JACKSON: Yes. Exactly. Unfortunately, there's so many people honest and well, that's not unfortunate. What's unfortunate is you have the few very who might fabricate. So what happens is a compensation fund says, listen, we understand you may have ailments. We understand you may have been there, and we certainly want to assist you as you assisted us. However, we need two affidavits sworn to and signed by two witnesses who observed, A, that you were there, and, B, the nature of the work doing. The problem is because that it was so long ago, people have moved away and people are no longer there. People who are really sick are having very bad problems finding someone who could establish that they were there and assist them.

BANFIELD: If I can't find two people because I have a photograph, somebody took a picture of me covered in the dust or lifting some of the debris, is that sufficient evidence?

JACKSON: It could be. What ends up happening is it's like any court of law, right? Ultimately what happens, not that this is a court of law, it's a compensation fund established to mete out these claims, but the reality is --


BANFIELD: The standards are similar?

JACKSON: Exactly. Similar standards, but you have to show some proof. If it makes sense, you would think the people overseeing it would be inclined to pay out the claim. But it has to make sense and you need proof. Why? Because there are those few who might seek to take advantage and you want to ensure the integrity and propriety of this fund.

BANFIELD: What you say is so true. Just after the shootings in Newtown, there are allegations this woman in New York set up a fake donation fund to rake in money for herself in the false name of one of the victim' family members.

The New York City Health Department said there's no association between cancer and 9/11, and the dust at 9/11. Does that factor in here as well? For those who do, say, have the evidence, do they have to prove that their sickness is because of it?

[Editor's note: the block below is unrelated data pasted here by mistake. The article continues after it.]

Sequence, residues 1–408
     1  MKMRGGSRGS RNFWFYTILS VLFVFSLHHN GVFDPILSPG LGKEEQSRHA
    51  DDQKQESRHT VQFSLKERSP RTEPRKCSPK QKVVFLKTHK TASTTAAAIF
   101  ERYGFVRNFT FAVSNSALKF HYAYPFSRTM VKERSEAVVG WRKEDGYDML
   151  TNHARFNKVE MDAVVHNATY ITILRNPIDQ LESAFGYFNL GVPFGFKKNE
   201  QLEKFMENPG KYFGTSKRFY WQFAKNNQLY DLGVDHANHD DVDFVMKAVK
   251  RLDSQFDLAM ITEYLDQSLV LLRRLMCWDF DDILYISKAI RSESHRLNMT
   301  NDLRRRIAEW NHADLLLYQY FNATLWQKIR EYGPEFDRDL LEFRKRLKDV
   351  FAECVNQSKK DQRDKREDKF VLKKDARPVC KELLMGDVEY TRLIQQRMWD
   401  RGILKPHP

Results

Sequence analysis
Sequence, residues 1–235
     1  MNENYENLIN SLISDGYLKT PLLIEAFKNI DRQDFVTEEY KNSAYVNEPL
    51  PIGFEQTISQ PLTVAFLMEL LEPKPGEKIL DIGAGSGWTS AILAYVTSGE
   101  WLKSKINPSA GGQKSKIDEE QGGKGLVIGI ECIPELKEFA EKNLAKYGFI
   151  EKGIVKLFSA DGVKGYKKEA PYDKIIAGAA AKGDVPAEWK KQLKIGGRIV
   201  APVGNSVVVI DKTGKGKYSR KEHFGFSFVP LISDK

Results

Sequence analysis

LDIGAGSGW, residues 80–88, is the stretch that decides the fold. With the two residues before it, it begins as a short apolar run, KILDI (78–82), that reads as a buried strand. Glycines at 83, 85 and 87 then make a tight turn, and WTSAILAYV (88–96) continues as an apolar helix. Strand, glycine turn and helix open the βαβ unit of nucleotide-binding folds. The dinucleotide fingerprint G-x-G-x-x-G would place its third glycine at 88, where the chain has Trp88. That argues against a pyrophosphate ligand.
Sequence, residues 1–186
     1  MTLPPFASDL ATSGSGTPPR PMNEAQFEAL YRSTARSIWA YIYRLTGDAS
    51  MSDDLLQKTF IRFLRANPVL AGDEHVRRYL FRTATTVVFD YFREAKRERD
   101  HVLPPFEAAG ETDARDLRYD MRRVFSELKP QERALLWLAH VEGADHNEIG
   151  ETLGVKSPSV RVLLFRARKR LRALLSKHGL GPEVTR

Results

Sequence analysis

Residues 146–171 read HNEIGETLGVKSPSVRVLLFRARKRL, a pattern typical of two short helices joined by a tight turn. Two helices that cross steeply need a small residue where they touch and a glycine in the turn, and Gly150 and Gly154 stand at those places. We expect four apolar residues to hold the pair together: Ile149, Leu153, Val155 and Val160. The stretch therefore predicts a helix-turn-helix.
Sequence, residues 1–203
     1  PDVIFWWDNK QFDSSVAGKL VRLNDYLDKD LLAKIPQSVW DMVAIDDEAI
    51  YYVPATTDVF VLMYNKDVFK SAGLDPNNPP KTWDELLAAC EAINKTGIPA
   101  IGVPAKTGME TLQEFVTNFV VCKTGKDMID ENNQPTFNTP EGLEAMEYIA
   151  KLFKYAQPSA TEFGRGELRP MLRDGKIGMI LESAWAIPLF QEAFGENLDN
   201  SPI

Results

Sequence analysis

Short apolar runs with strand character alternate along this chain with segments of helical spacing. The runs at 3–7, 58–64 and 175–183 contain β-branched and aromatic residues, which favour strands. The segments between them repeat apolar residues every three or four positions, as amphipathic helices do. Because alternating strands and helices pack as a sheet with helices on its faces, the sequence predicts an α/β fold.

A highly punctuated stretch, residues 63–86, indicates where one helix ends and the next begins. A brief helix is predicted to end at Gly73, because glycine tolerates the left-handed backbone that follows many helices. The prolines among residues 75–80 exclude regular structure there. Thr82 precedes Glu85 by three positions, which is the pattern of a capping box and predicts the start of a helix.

JACKSON: It won't. And here's why. Because Congress, which was a very good thing, is they said, listen, cancer takes a long time to develop. They approved 50 cancers which you can't really establish resulted from 9/11 but potentially could be. Because it takes a while to evolve, Congress said if you can establish you have those, even if there's no causal connection, we pay out the claim. But you have to have proof.

BANFIELD: I have 10 seconds left. Is there civil recourse if you get dumped from the government and you don't have an option to get to the pile of money? Do they have any other option?

JACKSON: Short answer, very little.

BANFIELD: Oh, really?

JACKSON: Very little civil recourse for this. You establish it there and get it from the fund. You know how courts work, Ashleigh. You'll be fighting forever in another type of court of law. BANFIELD: Can't sue the landlord?


BANFIELD: Can't sue for the use of certain materials in their building, nothing like that?


BANFIELD: You're just out?

JACKSON: Absolutely.

BANFIELD: If you're sick and don't get accepted, you're out of luck?

JACKSON: Have to get that proof.

BANFIELD: That's heart-breaking.

JACKSON: That's the problem.

BANFIELD: And it's difficult to hear. You can see both points of view, right, the people who cheat and the people who didn't.

JACKSON: The honest people, yes.

BANFIELD: Joey Jackson, always good to see you.

JACKSON: Pleasure, Ashleigh.

BANFIELD: Thank you, sir.

And that wraps it up for me and NEWSROOM. But stay tuned. Now I'm passing off the baton to my colleague, Suzanne Malveaux, with NEWSROOM INTERNATIONAL. Have a fabulous day.

SUZANNE MALVEAUX, CNN ANCHOR: Welcome to the NEWSROOM INTERNATIONAL. I'm Suzanne Malveaux. We're taking you around the world in 60 minutes. Here's what's going on right now.

The nation pulling back from the brink of economic chaos after a late night vote in the House. Now, President Obama back on vacation in Hawaii.